Part of the National Wildlife Refuge System, the National Elk Refuge is more than just a winter habitat for Jackson Elk Herd—it’s a habitat for many different species of endangered animals and big game. The Refuge has been part of the Jackson scenery for more than 100 years, created after conflict between the elk and humans significantly depleted the elk population. Today the refuge consists of approximately 25,000 acres dedicated to elk winter range. The elk stay on the refuge for approximately six months each winter and guests have the opportunity to learn more about the herd through interactive displays and educational programs. Get up close views of the herd during a winter sleigh ride or utilize one of the several wildlife viewing areas on the refuge.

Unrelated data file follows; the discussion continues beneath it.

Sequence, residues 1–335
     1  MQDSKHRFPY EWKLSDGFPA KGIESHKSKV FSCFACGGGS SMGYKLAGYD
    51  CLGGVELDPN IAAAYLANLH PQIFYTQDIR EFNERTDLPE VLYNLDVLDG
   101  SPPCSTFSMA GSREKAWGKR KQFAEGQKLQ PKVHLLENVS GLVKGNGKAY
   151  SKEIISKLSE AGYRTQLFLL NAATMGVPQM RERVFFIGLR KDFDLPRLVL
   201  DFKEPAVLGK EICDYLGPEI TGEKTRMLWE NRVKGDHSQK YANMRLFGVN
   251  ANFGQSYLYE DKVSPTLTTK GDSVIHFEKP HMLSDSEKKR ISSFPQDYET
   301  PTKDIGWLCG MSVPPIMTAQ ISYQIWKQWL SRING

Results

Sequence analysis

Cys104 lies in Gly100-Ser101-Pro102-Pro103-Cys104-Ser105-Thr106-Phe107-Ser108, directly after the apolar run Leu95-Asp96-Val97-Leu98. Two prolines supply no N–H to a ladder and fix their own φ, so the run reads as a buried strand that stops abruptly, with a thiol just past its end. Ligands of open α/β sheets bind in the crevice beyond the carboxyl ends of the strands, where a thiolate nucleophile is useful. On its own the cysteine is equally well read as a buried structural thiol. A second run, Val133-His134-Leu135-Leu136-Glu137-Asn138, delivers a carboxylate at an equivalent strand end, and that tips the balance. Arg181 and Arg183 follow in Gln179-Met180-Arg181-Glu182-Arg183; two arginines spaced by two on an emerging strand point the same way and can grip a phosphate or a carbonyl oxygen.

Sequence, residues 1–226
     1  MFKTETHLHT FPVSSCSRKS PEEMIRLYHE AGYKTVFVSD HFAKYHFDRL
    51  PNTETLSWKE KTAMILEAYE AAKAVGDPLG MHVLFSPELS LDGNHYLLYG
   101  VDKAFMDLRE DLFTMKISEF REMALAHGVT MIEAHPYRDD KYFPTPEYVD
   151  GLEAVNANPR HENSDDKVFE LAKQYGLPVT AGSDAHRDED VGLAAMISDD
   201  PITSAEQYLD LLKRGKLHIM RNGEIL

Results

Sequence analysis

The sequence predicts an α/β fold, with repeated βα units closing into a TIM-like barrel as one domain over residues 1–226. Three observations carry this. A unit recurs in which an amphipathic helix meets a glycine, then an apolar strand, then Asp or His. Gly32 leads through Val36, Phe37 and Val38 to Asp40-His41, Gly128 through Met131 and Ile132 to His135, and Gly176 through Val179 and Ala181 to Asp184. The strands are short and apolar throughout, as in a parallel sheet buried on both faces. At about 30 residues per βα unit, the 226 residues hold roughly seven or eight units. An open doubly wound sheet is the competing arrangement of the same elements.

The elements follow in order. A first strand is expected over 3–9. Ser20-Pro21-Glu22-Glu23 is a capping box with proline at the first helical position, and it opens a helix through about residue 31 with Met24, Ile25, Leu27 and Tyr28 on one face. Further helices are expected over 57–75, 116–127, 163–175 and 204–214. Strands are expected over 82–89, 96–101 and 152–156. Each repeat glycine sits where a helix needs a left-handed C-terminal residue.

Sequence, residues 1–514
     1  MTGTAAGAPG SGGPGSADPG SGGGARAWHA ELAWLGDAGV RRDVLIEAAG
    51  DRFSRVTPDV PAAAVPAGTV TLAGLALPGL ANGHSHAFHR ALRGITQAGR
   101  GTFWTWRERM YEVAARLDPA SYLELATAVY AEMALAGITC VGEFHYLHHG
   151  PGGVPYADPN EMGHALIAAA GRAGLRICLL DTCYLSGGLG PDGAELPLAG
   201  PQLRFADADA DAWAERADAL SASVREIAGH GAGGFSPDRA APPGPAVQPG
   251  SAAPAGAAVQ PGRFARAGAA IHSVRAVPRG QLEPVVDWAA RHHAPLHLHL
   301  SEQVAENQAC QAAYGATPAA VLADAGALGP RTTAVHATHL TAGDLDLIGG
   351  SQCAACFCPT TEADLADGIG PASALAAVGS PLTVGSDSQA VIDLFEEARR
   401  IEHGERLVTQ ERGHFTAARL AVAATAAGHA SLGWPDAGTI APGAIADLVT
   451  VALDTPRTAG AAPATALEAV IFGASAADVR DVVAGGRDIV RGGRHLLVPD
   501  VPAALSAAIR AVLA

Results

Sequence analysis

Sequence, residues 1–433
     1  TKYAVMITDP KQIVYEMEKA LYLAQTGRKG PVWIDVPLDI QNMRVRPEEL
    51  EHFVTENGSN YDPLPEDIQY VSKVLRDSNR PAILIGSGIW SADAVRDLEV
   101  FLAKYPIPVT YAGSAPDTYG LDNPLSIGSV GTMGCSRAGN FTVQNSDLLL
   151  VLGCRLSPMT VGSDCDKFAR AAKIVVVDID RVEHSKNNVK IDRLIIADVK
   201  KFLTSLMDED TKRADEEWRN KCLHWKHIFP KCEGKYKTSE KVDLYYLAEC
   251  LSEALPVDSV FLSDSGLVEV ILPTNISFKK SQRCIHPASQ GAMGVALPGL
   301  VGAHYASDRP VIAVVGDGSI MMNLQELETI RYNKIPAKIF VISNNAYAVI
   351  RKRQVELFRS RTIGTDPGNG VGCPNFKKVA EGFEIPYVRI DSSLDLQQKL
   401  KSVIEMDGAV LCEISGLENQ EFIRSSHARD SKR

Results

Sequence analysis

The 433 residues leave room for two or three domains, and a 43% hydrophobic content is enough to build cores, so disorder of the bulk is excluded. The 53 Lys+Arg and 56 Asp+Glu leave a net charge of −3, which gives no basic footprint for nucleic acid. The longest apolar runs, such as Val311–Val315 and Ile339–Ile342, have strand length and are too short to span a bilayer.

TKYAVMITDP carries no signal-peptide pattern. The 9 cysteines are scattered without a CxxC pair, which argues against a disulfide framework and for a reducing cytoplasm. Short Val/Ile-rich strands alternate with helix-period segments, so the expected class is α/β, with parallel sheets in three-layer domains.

The best time to view elk and other wildlife on the Refuge is during the winter season, from November to April. Public access is restricted to the main roads; walking, skiing and other off-road activities are prohibited to protect the wildlife. For more information, visit the Jackson Hole and Greater Yellowstone Visitor Center, an interagency facility that includes information from multiple organizations, including the National Elk Refuge. The Visitor Center is located at 532 N. Cache Street in Jackson and is open daily from 9 a.m. to 5 p.m. in the winter and 8 a.m. – 7 p.m. in the summer.